By G. Michael Dobbs
Reminder Publications submitted photo
A great mystery series comes to DVD and a cult exploitation film returns to the public in this week’s review.
Is there life for an actor who played Dr. Who for years? For David Tennant there certainly is and his latest project to cross the Atlantic is an exceptional murder mystery series that tells a detailed and riveting story over the course of eight episodes.
“Broadchurch” is the name of an English coastal community of about 15,000 people. It’s a tourist town part of the year and a place where everyone seems to know everyone else. The murder of an 11 year-old boy is shocking to the community.
Tennant plays Detective Inspector Alex Hardy, a hard-bitten big city cop who has been assigned to the small town for two reasons: to lay low after a high profile case went sour and because of a medical condition.
No sooner than he arrives is the boy’s body discovered on the beach.
His assignment pushed back the promotion of one of the other detectives in the squad and she becomes his partner on the case. Hardy is withdrawn, moody and rude and we discover why as the series unfolds.
Tennant leads a wonderful ensemble cast, including Olivia Colman who does a incredible job as the local detective.
I’m not going to say much more about the plot other than to note I found it to have some great twists and turns and a truly shocking ending.
This is a series to watch if you want a truly substantial mystery experience.
Alamo Drafthouse is re-issuing a number of low budget films from the 1970s and ‘80s and among them is director Abel Ferrara’s surprising film “Ms. 45.”
It’s surprising because the 1981 movie falls within a specific sub-genre of action film – the revenge movie and within that group an even more specific category, stories in which women take revenge on men who assaulted them or someone they loved.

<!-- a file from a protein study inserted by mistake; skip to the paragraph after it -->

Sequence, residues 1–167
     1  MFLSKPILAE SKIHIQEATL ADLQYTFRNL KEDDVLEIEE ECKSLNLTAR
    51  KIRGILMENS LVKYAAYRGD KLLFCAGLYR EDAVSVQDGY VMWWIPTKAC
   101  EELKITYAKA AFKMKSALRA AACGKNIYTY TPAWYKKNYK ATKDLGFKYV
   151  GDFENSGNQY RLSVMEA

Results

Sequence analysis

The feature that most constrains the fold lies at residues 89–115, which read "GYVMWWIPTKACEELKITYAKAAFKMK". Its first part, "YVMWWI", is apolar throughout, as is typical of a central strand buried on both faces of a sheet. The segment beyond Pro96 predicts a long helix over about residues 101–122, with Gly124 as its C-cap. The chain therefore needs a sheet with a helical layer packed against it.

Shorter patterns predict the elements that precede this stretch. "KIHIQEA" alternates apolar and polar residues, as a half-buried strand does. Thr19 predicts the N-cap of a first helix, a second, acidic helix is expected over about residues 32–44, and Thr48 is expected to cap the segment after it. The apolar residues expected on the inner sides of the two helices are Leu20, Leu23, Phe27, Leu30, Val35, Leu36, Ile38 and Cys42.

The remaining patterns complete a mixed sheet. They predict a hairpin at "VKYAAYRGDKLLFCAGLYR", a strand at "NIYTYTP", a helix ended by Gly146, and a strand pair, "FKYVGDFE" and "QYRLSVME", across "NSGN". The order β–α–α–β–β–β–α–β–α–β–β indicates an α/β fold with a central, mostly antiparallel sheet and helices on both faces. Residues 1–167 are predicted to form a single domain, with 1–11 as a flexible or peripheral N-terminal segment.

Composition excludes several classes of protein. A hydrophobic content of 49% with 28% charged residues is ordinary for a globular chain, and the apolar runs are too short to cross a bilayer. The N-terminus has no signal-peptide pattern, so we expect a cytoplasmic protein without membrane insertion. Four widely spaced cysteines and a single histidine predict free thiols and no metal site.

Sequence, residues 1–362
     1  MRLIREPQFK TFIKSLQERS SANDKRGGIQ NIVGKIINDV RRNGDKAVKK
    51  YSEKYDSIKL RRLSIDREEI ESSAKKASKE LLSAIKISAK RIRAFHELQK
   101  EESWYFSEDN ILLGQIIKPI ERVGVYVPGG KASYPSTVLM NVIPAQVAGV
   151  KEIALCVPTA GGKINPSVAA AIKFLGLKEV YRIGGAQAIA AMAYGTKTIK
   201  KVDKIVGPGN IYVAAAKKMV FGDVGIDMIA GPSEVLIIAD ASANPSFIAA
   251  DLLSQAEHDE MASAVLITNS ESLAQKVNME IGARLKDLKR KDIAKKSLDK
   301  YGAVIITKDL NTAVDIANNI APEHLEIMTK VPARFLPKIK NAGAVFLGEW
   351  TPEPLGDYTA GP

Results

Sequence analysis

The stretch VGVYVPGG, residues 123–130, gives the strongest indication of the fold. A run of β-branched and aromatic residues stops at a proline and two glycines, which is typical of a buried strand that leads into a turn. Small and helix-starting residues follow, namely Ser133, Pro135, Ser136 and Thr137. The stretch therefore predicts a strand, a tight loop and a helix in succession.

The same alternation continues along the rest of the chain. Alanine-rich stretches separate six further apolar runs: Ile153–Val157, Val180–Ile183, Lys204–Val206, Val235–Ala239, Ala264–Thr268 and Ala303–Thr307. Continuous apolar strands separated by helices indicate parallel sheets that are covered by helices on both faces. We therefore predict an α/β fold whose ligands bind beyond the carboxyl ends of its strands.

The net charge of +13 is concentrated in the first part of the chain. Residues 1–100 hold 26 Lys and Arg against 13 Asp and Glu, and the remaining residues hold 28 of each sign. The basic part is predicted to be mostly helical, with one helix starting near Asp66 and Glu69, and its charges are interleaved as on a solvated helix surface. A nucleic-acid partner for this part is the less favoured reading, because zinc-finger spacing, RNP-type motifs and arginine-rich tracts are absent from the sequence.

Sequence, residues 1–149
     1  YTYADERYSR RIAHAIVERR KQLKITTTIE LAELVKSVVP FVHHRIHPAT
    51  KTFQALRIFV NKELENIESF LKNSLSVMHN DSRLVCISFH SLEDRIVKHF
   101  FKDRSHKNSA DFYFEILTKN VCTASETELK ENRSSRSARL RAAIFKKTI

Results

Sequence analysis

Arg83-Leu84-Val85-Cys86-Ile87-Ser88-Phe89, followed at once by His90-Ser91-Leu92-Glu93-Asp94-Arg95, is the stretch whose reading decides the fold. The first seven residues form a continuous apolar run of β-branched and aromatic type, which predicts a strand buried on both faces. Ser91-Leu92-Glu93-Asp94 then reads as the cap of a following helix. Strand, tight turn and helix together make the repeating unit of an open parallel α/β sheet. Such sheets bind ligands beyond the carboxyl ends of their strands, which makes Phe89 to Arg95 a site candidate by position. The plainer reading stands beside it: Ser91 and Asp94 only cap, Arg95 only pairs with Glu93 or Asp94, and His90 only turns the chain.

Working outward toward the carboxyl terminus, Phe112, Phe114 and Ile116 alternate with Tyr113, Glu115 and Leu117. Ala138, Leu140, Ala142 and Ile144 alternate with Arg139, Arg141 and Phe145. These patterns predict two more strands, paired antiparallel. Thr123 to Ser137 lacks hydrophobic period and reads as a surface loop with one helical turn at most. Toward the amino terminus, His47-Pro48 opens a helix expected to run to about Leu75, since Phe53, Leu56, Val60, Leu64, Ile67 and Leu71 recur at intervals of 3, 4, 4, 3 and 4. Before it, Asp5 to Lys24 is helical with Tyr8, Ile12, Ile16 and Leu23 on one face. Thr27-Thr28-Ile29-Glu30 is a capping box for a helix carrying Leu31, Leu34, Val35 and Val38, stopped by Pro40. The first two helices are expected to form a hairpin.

Revenge movies were quite an active genre in that time with films such as the “Death Wish” series, which made a ton of dough. Linda Blair, looking for grown-up roles, even appeared in one, “Savage Streets” in 1984, in which she hunted down the men who assaulted her sister with a crossbow.
There are two elements of these kinds of movies that seemed to appeal to audiences. One is the political criticism of the films that state the only way to deal with the violence in the country is with more violence. The other is far more prurient and deals with seeing women at first being victims and then vigilantes.
“Ms. 45” doesn’t really fall into either of these traps. It’s really a film of its time and place, reflecting what living and working in New York City in 1981 was like for some.
The late Zoë Lund stars as Thana, a young women who works in the garment district as a seamstress. She is a mute and is withdrawn. Walking home from work, she is pulled into an alley and robbed and assaulted. She is in a deep state of shock and discovers when she comes home, there is a burglar waiting for her who assaults her.
She snaps and kills him. She keeps his gun and comes up with a plan to walk the streets and kill the men who threaten her.
We don’t root for her. She is not a hero. Under Ferrara’s direction, it’s clear that Thana requires serious counseling and medical attention. She is not a hero, but a victim. Each murder seems to fuel her illness.
Ferrara stages the assaults in such a way that the action is conveyed without explicitness, a welcomed departure from most of the films in this genre.
Because she cannot express herself except through writing we have little information about her character except through Lund’s subtle pantomime. Only 18 at the time, Lund turns in a performance of high tragedy.
The DVD is loaded with extras and the film is well-worth discovering if you’re a fan of Ferrara’s later work, such as “The Bad Lieutenant.”
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